Marriott 2019 annual meeting is May 10th. Vote by May 9 online. For optimum accountability and shareholder return vote AGAINST J.W. Marriot Jr., Mary K. Bush, Eric Hippeau, Lawrence W. Kellner Aylwin B. Lewis, George Muñoz, Steven S. Reinemund, and Susan C. Schwab, as well as auditor and say-on-pay. Vote FOR Eliminate Supermajority and Provide Right of Written Consent.
Marriott International, Inc. (MAR) is a lodging company, which engages in the operation and franchise of hotel, residential, and timeshare properties. As of April 10, 2019, it operated approximately 7,000 properties under 30 hotel brands in 130 countries and territories. The company is headquartered in Bethesda, MD.
Most shareholders do not vote. Reading through 70+ pages of the proxy takes too much time. Your vote will make only a small difference but could be crucial. Below, how I voted and why.
If you have read these posts related to my portfolio and proxy proposals for the last 24 years and trust my judgment, skip the 9 minute read. See how I voted my ballot. Voting will take you only a minute or two. Every vote counts.
Marriott 2019: ISS Rating
From the Yahoo Finance profile: Marriott International, Inc.’s ISS Governance QualityScore as of April 1, 2019 is 6. The pillar scores are Audit: 1; Board: 4; Shareholder Rights: 8; Compensation: 2.
Marriott 2019 Proxy Voting Guide: Board Proposals
1. Marriott 2019: Directors
Egan-Jones Proxy Services recommends Against Lawrence W. Kellner, George Muñoz, Steven S. Reinemund, since they have served for 10 years or more and can no longer be considered independent for purposes of serving as a member of the Audit, Compensation or Nominating committees. They also recommend against J.W. Marriot, Jr., since “the Chairman of the Board should be held accountable in cases when the Company obtains the score of Needs Attention on the Cyber Security Risk Rating.” Agreed.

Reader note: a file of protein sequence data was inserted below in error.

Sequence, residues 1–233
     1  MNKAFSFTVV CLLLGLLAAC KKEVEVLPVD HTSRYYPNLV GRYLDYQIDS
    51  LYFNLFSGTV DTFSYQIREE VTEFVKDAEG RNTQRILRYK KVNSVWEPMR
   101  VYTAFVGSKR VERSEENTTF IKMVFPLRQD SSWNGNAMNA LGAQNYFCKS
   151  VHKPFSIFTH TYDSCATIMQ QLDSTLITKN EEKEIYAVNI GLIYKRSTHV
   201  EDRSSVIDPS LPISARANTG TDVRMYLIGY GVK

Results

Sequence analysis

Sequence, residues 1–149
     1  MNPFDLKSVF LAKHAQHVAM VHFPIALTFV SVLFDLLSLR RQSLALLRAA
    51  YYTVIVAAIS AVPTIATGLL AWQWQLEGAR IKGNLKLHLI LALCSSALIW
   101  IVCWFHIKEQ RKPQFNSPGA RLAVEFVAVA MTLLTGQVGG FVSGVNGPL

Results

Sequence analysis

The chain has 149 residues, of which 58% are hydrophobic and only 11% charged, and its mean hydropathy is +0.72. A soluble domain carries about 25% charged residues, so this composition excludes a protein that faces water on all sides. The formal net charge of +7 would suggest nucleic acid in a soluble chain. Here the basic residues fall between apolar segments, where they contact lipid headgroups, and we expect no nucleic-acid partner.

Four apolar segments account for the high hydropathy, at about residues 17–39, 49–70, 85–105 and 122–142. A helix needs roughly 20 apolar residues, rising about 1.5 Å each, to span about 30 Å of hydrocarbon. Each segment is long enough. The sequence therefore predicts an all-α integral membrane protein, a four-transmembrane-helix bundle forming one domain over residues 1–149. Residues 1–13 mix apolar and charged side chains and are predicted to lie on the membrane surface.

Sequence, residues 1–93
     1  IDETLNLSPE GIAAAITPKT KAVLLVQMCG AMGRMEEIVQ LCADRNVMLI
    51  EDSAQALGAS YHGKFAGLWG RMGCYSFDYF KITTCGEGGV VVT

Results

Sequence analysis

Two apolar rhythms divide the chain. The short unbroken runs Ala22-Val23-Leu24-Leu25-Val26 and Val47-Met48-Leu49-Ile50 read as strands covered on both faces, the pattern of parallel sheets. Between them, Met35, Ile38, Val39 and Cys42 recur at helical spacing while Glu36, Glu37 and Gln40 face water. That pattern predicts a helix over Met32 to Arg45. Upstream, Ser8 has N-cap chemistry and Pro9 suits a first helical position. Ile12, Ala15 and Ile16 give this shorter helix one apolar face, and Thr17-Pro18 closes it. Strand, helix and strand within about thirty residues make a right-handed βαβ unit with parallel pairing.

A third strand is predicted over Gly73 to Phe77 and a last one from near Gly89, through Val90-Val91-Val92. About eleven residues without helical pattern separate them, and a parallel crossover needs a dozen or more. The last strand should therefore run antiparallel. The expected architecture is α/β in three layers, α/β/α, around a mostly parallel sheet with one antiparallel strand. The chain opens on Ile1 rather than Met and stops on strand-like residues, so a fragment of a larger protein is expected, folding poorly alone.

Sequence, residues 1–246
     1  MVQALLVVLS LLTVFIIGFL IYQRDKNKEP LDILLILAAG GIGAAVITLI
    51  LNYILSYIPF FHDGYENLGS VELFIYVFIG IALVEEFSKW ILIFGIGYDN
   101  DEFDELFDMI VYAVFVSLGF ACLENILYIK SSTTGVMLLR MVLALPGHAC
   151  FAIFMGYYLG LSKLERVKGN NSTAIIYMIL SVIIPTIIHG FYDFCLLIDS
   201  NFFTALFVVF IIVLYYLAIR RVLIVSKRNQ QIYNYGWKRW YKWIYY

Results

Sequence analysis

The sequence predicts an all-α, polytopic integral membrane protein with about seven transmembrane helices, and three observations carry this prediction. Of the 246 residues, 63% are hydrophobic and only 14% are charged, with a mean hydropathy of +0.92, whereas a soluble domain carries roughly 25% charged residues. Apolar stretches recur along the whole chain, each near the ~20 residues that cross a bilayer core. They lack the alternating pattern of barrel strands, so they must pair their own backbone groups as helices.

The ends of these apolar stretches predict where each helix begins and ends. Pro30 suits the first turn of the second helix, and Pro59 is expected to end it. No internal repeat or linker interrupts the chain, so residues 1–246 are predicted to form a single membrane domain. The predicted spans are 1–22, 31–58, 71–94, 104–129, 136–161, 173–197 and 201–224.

Since I voted against Executive Compensation I also voted against all members of the compensation committee: Steven S Reinemund (Chair), Mary K. Bush, Eric Hippeau, Aylwin B. Lewis and Susan C. Schwab.
Vote AGAINST Mary K. Bush, Eric Hippeau, Lawrence W. Kellner Aylwin B. Lewis, J.W. Marriot Jr., George Muñoz, Steven S. Reinemund, and Susan C. Schwab.
2. Marriott 2019: Ratification of Independent Auditor
I have no reason to believe the auditor engaged in poor accounting practices or has a conflict of interest. Egan-Jones recommends voting against the auditor if they served for seven years. Independence becomes compromised by that time. Their auditor has served more than seven years. No other issues appear significant.
3. Marriott 2019: Executive Compensation
Marriott’s Summary Compensation Table (p. 49) shows the highest paid named executive officer (NEO) was CEO Arne M. Sorenson at $12.9M. I’m using Yahoo! Finance to determine market cap ($46B) and I define large-cap as $10B, mid-cap as $2-10B, and small-cap as less than $2B. Marriott is a large-cap company.
According to the Equilar Top 25 Executive Compensation Survey 2015, the median CEO compensation at large-cap corporations was $10.3M in 2014. Sorenson’s pay puts Marriott above the 75% level for the S&P 500 in 2018, according to MyLogIQ.
Marriott shares outperformed the S&P 500 over the most recent two and five year time periods, but underperformed during the most recent one year time period. The ratio of the annual total compensation of the CEO to the median of the annual total compensation of all employees was 374:1. A recent report from MyLogIQ, CEO Pay Ratios inthe S&P 500, came out before Marriott issued its proxy but it looks like that ratio may put Marriott in or near the top 20 highest ratios in the S&P 500.
Egan-Jones Proxy Services uses a proprietary rating compensation system to measures wealth creation in comparison to other companies. They believe the company’s compensation policies and procedures are centered on a competitive pay-for-performance culture, aligned with the long-term interest of its shareholders and necessary to attract and retain experienced, qualified executives critical to the Company’s long-term success and the enhancement of shareholder value.
Trillium voted against and noted: “CEO pay is not tied to ESG performance.The company CEO-worker pay ratio exceeds 50:1.The previous year’s restricted shares and stock options awarded to the CEO vest over less than five years.”